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Publication numberUS2033155 A
Publication typeGrant
Publication dateMar 10, 1936
Filing dateOct 25, 1930
Priority dateOct 25, 1930
Publication numberUS 2033155 A, US 2033155A, US-A-2033155, US2033155 A, US2033155A
InventorsScott Philip Lane
Original AssigneeScott Philip Lane
Export CitationBiBTeX, EndNote, RefMan
External Links: USPTO, USPTO Assignment, Espacenet
Process of mixing and burning fuel
US 2033155 A
Abstract  available in
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Claims  available in
Description  (OCR text may contain errors)

March 10, 1936. R L, SCOTT 2,033,155

PROCESS OF MIXING AND BURNING FUEL Filed 001,. 25, 1950 Patented Mar. 10, 1936 UNITED STATES PATENT OFFICE rnocsss, or mxmc arm mmme FUEL- Philip Lane Scott, s... Mateo, Calif.

Application October 25, 1930, Serial No. 491,18 7cm; (01.123-33) My invention relates to certain new and useful improvements in internal combustion engines, which are described as follows:

The invention relates particularly to the method of preparing -a fuel-air charge for combustion in an internal combustion engine in which' fuel is introduced into a rapidly moving air current caused by passage of a part of the air charge back and forth between the main cylinder and an auxiliary chamber promoting an intimate mixture between the air and fuel, the time of ignition and the subsequent rate of burning being under control, as well as the compression and rate of passage of air and fuel into and between the chambers. The invention relates particularly to engines having the conventional cylinder and piston and using a relatively non-volatile oil as fuel.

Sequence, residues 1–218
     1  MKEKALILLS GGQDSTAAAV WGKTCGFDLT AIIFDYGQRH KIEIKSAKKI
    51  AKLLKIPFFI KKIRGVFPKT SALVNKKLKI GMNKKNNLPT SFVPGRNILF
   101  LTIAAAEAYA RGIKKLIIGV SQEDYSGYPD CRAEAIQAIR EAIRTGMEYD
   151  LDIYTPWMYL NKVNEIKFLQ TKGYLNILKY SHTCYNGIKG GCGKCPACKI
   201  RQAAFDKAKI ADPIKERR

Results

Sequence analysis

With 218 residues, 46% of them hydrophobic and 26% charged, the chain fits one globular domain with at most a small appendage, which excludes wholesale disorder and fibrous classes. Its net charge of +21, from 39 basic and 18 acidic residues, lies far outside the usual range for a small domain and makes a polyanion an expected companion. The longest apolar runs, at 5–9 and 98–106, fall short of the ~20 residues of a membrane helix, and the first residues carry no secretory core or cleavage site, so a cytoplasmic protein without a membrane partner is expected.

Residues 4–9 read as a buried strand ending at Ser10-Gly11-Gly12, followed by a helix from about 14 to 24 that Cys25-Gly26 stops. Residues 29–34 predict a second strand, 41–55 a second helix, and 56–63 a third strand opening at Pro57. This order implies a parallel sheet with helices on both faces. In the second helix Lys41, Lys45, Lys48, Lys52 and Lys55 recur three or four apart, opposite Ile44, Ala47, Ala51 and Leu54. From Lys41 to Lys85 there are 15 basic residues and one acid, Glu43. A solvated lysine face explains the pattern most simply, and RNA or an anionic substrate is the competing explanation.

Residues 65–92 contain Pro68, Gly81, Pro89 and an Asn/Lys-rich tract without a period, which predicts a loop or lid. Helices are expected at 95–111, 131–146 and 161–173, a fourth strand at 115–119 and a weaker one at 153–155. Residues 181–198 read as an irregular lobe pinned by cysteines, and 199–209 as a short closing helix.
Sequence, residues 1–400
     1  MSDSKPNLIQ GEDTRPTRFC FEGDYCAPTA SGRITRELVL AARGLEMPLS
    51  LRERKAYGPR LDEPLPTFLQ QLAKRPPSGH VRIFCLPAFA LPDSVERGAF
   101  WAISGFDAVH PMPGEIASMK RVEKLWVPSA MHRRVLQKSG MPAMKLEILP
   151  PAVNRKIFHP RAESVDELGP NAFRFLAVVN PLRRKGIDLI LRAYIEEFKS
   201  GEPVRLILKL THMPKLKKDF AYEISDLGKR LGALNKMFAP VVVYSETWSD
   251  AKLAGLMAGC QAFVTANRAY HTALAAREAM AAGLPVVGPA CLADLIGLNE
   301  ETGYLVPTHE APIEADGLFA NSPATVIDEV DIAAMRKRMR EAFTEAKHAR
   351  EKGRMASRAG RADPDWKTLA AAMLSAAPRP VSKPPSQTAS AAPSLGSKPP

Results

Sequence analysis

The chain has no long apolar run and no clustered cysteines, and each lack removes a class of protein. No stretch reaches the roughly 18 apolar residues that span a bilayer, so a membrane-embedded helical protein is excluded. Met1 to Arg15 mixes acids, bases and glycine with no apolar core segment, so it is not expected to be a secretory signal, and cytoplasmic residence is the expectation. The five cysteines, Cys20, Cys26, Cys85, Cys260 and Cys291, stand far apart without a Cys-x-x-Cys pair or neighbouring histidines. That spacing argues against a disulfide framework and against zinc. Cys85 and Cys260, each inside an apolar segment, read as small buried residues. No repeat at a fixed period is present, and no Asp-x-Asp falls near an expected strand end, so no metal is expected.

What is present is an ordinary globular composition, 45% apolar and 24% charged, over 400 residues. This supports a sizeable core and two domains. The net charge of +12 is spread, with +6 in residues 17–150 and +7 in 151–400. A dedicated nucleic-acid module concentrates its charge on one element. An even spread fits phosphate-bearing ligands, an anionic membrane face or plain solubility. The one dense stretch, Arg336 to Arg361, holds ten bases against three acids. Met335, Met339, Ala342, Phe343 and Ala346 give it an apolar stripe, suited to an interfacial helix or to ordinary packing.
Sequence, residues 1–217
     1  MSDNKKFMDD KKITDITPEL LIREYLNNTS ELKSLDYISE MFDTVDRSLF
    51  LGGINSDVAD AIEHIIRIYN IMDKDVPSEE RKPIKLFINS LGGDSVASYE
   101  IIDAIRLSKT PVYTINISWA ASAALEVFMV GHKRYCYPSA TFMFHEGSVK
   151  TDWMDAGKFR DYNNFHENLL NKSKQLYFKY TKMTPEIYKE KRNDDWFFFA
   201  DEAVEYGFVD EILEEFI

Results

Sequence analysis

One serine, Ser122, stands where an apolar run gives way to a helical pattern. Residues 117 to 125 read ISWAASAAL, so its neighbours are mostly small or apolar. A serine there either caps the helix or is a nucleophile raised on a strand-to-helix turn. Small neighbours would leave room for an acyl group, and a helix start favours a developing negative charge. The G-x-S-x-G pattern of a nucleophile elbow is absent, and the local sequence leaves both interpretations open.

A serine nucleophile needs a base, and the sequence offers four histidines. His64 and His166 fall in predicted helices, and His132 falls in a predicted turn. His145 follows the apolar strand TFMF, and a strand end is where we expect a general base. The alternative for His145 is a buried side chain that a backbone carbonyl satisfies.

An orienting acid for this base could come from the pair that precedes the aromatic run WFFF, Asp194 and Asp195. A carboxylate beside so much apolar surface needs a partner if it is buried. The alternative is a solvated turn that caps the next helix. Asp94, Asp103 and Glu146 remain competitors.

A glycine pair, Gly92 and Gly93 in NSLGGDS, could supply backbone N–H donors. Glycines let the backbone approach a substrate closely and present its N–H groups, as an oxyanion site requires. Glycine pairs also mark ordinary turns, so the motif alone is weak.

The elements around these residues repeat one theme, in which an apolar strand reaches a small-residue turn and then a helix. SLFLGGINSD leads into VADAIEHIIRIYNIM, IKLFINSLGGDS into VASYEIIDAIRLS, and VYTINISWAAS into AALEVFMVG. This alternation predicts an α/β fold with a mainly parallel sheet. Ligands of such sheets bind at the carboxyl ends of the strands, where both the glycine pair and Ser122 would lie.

For convenience the system is shown diagrammatically, applied to a two-stroke cycle engine of conventional form, using heavy oil as fuel, but it is to be understood thatit may be applied to a wide variety of engine forms and to the use of many different fuels.

My invention is illustrated more or less diagrammatically in the accompanying drawing, wherein- Figure 1 is a vertical cross section through an engine;

Figure 2 is a detailed section on an enlarged scale, illustrating a portion of the fuel feeding mechanism.

Like parts are designated by like characters throughout the specification and drawing.

A is an engine cylinder with a main combustion space A B is a piston therein. C is a connecting rod joining the piston to the crank shaft D. E is a housing or crank case. F is the port through which burnt gases are exhausted and F is the port through which air is forced by any well known means for the clearing of burnt gas and the recharging of the cylinder.

G is a mixer head, provided with a cooling jacket G whichmay be omitted, having a close fitting piston G slidably mounted in the barrel G Connecting this barrel or mixing space G with the combustion space A is a throat G into which opens the fuel atomizing port J supplied through a canal J in the body. J is a fuel inlet supplying this system with fuel, which may be under pressure, as from a pump or other pressure source. The fuel inlet passage J is shown as formed partially by means of an annularchannel J cut in the bottom of the mixer head G and as being completed by the head J provided with an annular channel J. The member J is so formed that on the inner side it does not contact the bottom of the member G and thus a suflicient clearance is provided to form the fuel atomizing port J As shown this is an annular port ex- 5 tending entirely about the throat G It might, however, be of any suitable form and need not be continuous. In place of the fuel discharge arrangement shown, any suitable atomizing valve might be used to supply fuel to the mixing cham- 10 her. On the upper end of the piston G is mounted a roller Ci which is driven by a cam H, imparting axial motion to the piston. This cam is rotated by means of a shaft H upon which is a gear H, meshing with a gear 1-! on a shaft H 15 driven by the engine. This drive is not shown in complete detail and may be ofany suitable nature.

I is a spark plug or ignition device which may be used. For some purposes such an ignition de- 20 vice is desirable. For other purposes it is not and it is not an essential part of my invention.